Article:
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Thread: Underwater?

  1. #1
    grumpy & miserable Joseph O'Neil's Avatar
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    Underwater?

    Really stupid question of the day.

    After a recent trip to the Keys, I've discovered snorkeling. I bought one of those plastic 35mm point & shoot underwater cameras and I was amazed how good a couple shots turned out with such a crappy camera. Now I'm hooked.

    Underwater housings for digital and other cameras are quite expensive, so right now there are used 35mm underwater systems that can be had very reasonably. But before I plunge (litterally and figuratively) here's the dumb question:

    Is there such a thing as an underwater 4x5 system of any kind?
    eta gosha maaba, aaniish gaa zhiwebiziyin ?

  2. #2

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    Re: Underwater?

    I would be very surprised, but there were lovely, nearly bulletproof, metal underwater housings for Rollei TLRs and, it turns out, for some of the Rollei 6x6 SLRS too. Look for a Rolleimarin or

    http://www.cambridgeworld.com/detail.php?item_id=14951

  3. #3

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    Re: Underwater?

    Why not build a housing from aluminium or plexiglas for a 4x5 camera? But a changing system between groundglass and film needs realy skilled craftmanship. So an underwater housing for an Aero Technika 45 with motorized 5 inch rollfilm back should be the easiest way. This camera is used with a view finder.

  4. #4

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    Re: Underwater?

    Just get a DSLR with a SCUBA housing and a 16 gig card.

    How are you going to change film underwater? Geez
    When I grow up, I want to be a photographer.

    http://www.walterpcalahan.com/Photography/index.html

  5. #5

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    Re: Underwater?

    Another idea - If you can find a Speed Graphic with one of those 6 sheet holders and then build a custom housing out of some acrylic, it might work well for shallow dives you would do in snorkeling. The trick with the housing would be to design a mechanism that could advance the film. The housing could be large if needed, because underwater weight isn't as much an issue. Finding a lens port shouldn't be too much trouble either. A wire frame would do the trick for composition and viewing.

    Make an attachment for a strobe and preset your focus and aperture. Sounds like an interesting and fun project.

  6. #6

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    Re: Underwater?

    Underwater 4x5....that is a provocative question. It might be worth doing just to set the record. Instead of building a housing for the camera and trying to have controls for all the movements, lens-shutter settings, film, etc. protruding through the housing, try building a housing for the camera and YOU. It might take a lot of lead weights and I wouldn't go very deep or take my best camera down. It would simply be a rich man's challenge. Because image quality would be superior with an underwater housing on a hasselblad.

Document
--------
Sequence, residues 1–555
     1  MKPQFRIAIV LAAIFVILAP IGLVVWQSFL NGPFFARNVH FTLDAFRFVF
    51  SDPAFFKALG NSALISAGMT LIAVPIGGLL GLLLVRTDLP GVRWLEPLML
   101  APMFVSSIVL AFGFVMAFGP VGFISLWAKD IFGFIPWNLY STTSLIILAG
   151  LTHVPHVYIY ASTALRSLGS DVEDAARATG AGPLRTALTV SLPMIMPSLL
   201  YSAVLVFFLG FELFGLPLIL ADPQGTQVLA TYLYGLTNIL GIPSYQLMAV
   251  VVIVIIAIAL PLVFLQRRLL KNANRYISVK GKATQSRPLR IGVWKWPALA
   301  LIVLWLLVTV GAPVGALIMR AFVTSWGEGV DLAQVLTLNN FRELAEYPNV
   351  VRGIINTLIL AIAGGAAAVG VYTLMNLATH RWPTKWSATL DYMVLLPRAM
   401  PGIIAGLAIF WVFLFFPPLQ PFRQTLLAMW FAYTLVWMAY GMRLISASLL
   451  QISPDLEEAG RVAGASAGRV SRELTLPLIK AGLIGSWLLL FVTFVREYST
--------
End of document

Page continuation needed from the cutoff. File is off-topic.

7. #7

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    Re: Underwater?

    Why not a Nikonos - they seem to be available at very good prices. OK, it's not a 4x5 but...

  8. #8

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    Re: Underwater?

    I've seen housed 6x6 and 645 systems (including a hasselblad full of salt water - ouch!), but think about the air bubble that a housed 4x5 with, say, a 150mm lens would create, and the amount of weight needed to make it neutrally buoyant. Also, as noted, think about what you would need to do to arrange more than one shot before returning to the (dry) surface to change film.

    For snorkeling, a sea and sea mx-10 is a great camera that you should be able to pick up for a reasonable price. The strobe is far enough away from the lens that you can get pretty good results without too much backscatter. You could go to a nikonos, but to a large extent if you're not on scuba, I doubt it is going to make that much difference.

    Cheers!
    Bill

  9. #9

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    Re: Underwater?

    submerge, shoot, rise, open the box, flip the holder, repeat...

    Actually why not try it with plastic bags and really cheap stuff just for one shot to see if it is worth the trouble to engineer a real solution?

  10. #10

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    Re: Underwater?

    We tried this when I lived in Hawaii in the early '90's with speed graphics, alls we ended up with was speed graphics full of saltwater and ruined. There are far better options in underwater photography, than trying to control a housing that is virtually twice the size of the camera, your dealing with quite a large housing that is very buoyant and very difficult to control...any type swell action and your getting beat by the thing....which don't feel good upside the head! We never found a reliable system for removing the dark slide, without getting leaks in the housing, and it was basically a one shot system..we were just a bunch of goofy scuba divers with a wacky idea...

    Dave

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